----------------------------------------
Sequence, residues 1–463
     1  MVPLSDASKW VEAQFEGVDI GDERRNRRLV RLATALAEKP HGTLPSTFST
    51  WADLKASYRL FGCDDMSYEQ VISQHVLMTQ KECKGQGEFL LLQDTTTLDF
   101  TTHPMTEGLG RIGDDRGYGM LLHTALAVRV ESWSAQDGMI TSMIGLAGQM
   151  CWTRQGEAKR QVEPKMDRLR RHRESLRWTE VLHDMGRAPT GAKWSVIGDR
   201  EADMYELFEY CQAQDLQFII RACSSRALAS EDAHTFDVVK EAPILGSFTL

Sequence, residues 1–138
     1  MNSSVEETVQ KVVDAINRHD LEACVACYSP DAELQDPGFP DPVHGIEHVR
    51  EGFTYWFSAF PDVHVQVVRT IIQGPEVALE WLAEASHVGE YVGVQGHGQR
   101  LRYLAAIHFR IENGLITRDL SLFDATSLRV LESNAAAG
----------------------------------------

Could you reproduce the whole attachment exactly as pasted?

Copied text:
Sequence, residues 1–463
     1  MVPLSDASKW VEAQFEGVDI GDERRNRRLV RLATALAEKP HGTLPSTFST
    51  WADLKASYRL FGCDDMSYEQ VISQHVLMTQ KECKGQGEFL LLQDTTTLDF
   101  TTHPMTEGLG RIGDDRGYGM LLHTALAVRV ESWSAQDGMI TSMIGLAGQM
   151  CWTRQGEAKR QVEPKMDRLR RHRESLRWTE VLHDMGRAPT GAKWSVIGDR
   201  EADMYELFEY CQAQDLQFII RACSSRALAS EDAHTFDVVK EAPILGSFTL

Sequence, residues 1–138
     1  MNSSVEETVQ KVVDAINRHD LEACVACYSP DAELQDPGFP DPVHGIEHVR
    51  EGFTYWFSAF PDVHVQVVRT IIQGPEVALE WLAEASHVGE YVGVQGHGQR
   101  LRYLAAIHFR IENGLITRDL SLFDATSLRV LESNAAAG